When etiology is examined; it is seen that the factors especially muscular (muscular dystrophia, myastenia gravis disease in mother), neurologic (brain, spinal cord and peripheric nerve abnormalities), connective tissue diseases (distrophic displasia, marfan syndrome), the cases causing intrauterine space limitation (twin pregnancy, myomas, uterus abnormalities) can cause AMC [3]. Particularly twin pregnancy out of these factors, as in our case, caused AMC by restricting intrauterine space.

Amyoplasia is the most frequent form of AMC and has a markedly increased occurrence in one of the monozygotic twins [10,11]. The another issue that is related to the AMC cases seen in twin pregnancy is the diagnosis complication by TTTS. In our case, the patient pursued with AMC diagnosis, was pre-diagnosed as TTTS in external clinics and thus one of the twins was terminated. That is why, we would like to mention about some strategies for avoiding misdiagnosis with TTTS. TTTS occurs when the blood supply of one twin moves to the other through the shared placenta. The twin that loses the blood is called the donor twin - becomes dehydrated. The twin that receives the blood is called the recipient twin - develops high blood pressure and produces too much urine and over fills the amniotic sac (polyhydramnios) [12]. On the other hand, general findings such as discordant amniotic fluid volume and abnormalities in fetal Doppler flow patterns could be observed via ultrasound in TTTS [13]. Through these abnormalities observed by Doppler flow patterns, it can be determined that the donor twin can become smaller and immobile [12]. However, since the ultrasonographic findings were not encountered for explaining TTTS case in our first evaluation of the case, we kept away from TTTS diagnosis.

In conclusion, AMC is a multifactorial disease that is characterized with multiple joint contructures in more than one area of the human body that causes fetal morbidity, mortality and economic burden in postnatal period. A broad range of counseling should be given to parents with pregnancies complicated by AMC including natural history of the disease, as well as management options and their risks and benefits. In addition, because of the similarity of AMC cases particularly seen in twin pregnancy with TTTS, the patients should be evaluated carefully and the symptomatology of TTTS should be known.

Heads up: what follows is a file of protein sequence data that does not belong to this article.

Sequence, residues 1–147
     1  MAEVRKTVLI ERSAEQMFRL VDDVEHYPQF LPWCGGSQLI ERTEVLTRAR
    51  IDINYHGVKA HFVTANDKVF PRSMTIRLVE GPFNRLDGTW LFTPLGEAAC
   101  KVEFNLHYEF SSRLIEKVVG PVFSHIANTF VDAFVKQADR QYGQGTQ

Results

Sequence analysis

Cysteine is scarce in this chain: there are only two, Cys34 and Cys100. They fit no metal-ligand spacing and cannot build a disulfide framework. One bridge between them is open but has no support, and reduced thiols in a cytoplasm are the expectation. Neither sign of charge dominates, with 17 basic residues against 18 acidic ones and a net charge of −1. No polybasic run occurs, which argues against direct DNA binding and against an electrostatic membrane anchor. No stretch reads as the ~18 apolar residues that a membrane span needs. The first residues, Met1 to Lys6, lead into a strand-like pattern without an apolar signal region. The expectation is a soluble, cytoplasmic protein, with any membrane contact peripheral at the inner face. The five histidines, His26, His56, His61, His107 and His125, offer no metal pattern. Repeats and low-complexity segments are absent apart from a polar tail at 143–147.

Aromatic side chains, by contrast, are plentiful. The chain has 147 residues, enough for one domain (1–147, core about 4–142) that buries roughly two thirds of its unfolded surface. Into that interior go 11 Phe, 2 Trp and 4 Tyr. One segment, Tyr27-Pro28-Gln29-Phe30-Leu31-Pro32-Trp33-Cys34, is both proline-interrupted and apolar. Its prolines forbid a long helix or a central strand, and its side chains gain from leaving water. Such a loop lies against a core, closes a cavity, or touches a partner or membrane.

Acknowledgements

Written consent was obtained from the patient and her husband for publication of this case report.


Disclosure Statement

Presented at Fetus as a Patient 2014, 30th Anniversary Congress St. Stefan / Budva, Montenegro as a oral presentation.


References
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  9. Naguib KK, Al-Awadi SA, Moussa MA, Bastaki L, Gouda S, et al. (1999) Trisomy 18 in Kuwait. Int J Epidemiol 28: 711-716.

  10. Hall JG, Reed SD, McGillivray BC, Herrmann J, Partington MW, et al. (1983) Part II. Amyoplasia: twinning in amyoplasia--a specific type of arthrogryposis with an apparent excess of discordantly affected identical twins. Am J Med Genet 15: 591-599.

  11. Hall JG, Aldinger KA, Tanaka KI (2014) Amyoplasia revisited. Am J Med Genet A 164A: 700-730.

  12. Wong HS, Kidd A, Zuccollo J, Parker S, Richardson V, et al. (2009) A case of amyoplasia in a monochorionic twin pregnancy: a sequela from twin-twin transfusion syndrome? Fetal Diagn Ther 25: 31-35.

  13. Society for Maternal-Fetal Medicine, Simpson LL (2013) Twin-twin transfusion syndrome. Am J Obstet Gynecol 208: 3-18.